I have a fill slope that I would like to control a rolling slope. In another program I used a superelevation diagram point control to change the slopes of the fill. Is there a efficent way to control a changing fill slope in C3D?
Haven't heard the term "Rolling Slope" used before, perhaps a regional term?.
Could you post a sketch of what your after?
DAYLIGHT STANDARD will use 3 different slope parameters for Cut or Fill based on the Min. Max height values before switching to the next from flat to steep.
DAYLIGHT GENERAL will allow for varying slopes based on slope segment widths (think multiple hinge points/slopes prior to tying to EG).
The entire Subassembly reference can be found Here.
I am looking to manually control the slope. Maybe there is a parameter table or something. In the other software one could use a parameter table or superelevation (slope) diagram (table ok but led to many transition rows and such, the super elevation diagram was a lot smoother). I was trying to avoid multiple regions or daylight subs.
I'm not aware of any such table controls in C3D and I have not found a way to avoid multiple regions in my corridors.
The other extreme is more the norm.
If you know roughly where you'd like the daylight to tie, "Daylight To Offset" works well & will tie to a Miscellaneous or offset Alignment specified in the Targets. It does as the name indicates & stops/ties at the offset alignment.
Also with this approach you can grip edit the alignment to your liking (If you want to move the slope in or out.
With this method you'd want to add various vertices to the alignment if the slope is to meander in & out based on terrain (this way you have grips to edit the alignments by).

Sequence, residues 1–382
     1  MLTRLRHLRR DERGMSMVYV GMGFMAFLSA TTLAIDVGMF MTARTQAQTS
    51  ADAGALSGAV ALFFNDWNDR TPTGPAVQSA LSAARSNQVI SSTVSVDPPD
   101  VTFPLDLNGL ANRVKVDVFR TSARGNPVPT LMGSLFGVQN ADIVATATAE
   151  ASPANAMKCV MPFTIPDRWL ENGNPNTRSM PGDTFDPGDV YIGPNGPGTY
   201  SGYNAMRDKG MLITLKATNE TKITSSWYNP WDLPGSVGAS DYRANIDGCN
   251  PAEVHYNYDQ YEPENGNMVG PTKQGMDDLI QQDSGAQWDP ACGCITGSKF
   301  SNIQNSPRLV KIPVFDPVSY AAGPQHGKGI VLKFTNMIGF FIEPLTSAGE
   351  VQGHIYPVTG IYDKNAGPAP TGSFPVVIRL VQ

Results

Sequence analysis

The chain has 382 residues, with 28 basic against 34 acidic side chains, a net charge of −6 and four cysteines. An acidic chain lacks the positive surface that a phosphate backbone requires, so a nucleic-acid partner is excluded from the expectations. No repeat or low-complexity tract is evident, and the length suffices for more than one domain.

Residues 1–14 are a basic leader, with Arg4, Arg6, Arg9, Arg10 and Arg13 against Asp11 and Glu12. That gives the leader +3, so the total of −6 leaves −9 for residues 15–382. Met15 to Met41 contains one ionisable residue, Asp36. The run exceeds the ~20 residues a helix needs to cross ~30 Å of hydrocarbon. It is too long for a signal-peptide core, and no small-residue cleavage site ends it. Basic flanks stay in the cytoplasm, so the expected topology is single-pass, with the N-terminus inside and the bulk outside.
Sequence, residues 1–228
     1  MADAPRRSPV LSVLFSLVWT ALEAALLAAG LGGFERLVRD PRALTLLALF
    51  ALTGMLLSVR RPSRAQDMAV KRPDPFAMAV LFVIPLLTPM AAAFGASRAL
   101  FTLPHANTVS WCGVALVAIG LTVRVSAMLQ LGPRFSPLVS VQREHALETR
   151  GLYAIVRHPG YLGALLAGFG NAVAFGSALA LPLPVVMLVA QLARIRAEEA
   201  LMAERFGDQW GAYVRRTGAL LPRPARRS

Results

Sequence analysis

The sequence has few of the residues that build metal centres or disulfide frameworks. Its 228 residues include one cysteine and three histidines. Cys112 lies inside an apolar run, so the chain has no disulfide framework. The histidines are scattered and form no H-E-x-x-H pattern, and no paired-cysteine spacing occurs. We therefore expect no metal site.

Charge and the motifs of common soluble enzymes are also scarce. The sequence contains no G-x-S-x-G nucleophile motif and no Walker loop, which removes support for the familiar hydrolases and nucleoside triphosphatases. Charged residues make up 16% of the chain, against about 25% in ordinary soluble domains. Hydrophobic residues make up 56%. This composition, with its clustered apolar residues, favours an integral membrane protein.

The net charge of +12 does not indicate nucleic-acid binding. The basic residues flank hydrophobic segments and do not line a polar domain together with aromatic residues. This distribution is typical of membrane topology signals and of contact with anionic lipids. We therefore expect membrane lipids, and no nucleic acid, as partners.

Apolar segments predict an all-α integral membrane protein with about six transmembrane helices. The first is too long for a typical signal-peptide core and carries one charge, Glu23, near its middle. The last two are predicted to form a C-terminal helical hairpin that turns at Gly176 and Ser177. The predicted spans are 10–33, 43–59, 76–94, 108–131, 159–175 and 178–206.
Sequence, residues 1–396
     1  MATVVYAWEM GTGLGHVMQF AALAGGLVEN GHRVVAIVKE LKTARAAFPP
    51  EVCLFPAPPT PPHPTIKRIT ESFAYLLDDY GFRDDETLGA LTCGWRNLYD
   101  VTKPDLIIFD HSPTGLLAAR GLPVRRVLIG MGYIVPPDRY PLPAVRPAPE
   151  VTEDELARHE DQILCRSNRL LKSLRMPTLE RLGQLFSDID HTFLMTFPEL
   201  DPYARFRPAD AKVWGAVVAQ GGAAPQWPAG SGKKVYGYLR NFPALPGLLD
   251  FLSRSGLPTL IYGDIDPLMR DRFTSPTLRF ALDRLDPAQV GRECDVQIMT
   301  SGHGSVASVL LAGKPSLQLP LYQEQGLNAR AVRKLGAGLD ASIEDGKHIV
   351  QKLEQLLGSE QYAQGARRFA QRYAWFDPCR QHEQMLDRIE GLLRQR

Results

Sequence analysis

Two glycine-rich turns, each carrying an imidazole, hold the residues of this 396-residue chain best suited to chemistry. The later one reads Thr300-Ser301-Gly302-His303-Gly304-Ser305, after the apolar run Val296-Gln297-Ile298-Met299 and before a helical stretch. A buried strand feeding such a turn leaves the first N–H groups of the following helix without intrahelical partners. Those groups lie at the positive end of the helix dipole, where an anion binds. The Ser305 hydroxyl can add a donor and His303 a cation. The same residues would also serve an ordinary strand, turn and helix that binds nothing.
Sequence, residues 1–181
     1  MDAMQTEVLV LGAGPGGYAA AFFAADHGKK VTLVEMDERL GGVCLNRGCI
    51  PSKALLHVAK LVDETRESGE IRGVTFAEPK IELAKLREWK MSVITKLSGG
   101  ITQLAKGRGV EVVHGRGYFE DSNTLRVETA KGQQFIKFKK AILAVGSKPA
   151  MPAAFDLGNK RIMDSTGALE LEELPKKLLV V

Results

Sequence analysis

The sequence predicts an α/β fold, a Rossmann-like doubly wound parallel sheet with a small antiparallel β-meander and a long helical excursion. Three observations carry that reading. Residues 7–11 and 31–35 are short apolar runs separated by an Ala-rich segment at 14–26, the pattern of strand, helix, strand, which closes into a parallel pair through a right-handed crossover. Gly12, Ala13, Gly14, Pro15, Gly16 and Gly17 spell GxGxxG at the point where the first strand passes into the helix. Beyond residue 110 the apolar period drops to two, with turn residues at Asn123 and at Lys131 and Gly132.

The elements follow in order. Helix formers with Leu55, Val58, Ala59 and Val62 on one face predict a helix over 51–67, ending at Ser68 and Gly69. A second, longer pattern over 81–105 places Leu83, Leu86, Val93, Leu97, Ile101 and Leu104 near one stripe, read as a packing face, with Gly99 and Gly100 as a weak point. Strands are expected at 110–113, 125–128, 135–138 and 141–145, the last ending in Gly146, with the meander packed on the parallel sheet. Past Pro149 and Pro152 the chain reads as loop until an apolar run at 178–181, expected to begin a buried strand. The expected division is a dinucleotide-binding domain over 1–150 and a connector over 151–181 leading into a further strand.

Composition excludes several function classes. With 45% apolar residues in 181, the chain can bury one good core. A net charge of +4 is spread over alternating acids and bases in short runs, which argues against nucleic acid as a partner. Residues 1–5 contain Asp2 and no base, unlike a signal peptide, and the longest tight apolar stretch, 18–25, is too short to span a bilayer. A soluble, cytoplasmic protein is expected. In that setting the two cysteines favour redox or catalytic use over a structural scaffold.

I use it a lot for driveway daylight limits & once visualized in section editor it's quick & easy to adjust tie points.
If your Daylight slope ties are a constant such as a Right of Way alignment LT /RT it works best for that.
Here is a way to do this that would work for both the rolling slope and a number of other elements. It uses a profile and a little SA that you would make with Subassembly Composer. How it works is you use the profile to generate an elevation number at a station and then the subassembly reads that number and formats it for use and exports the number as an Output Parameter.
To use this in this project, you would add this SA before a standard cut/fill SA. Hook the SA to the profile the controls the rolling slope for the left/right/both side of the road. Then in the standard cut/fill SA get the slope value from the output parameter.
This would also work for widening and thickness of elements where the profile is just a diagram of numbers that move down the alignment.
I don't think you necessarily need SA for this, do you?
SBoon and MattK came up with just this type of dummy profile control solution where you use an omitted Generic Link, placed at the appropriate hierarchy on the assembly build, that has an Elevation output parameter that can be passed down to others below it on the assembly.
The SAC solution would be cleaner, since it doesn't create a corridor section point at some dummy elevation. The better solution that we came up with was another sub which read from an ACad table object, and used those values to calculate an interpolated output parameter.
Unfortunately that sub cannot be recreated using SAC, and the original version was written for the 2010 software. I'm not even sure if I could still find it now.
What!? .... An Omitted link creating a corridor section point is not very "Omitted like" behavior, now is it...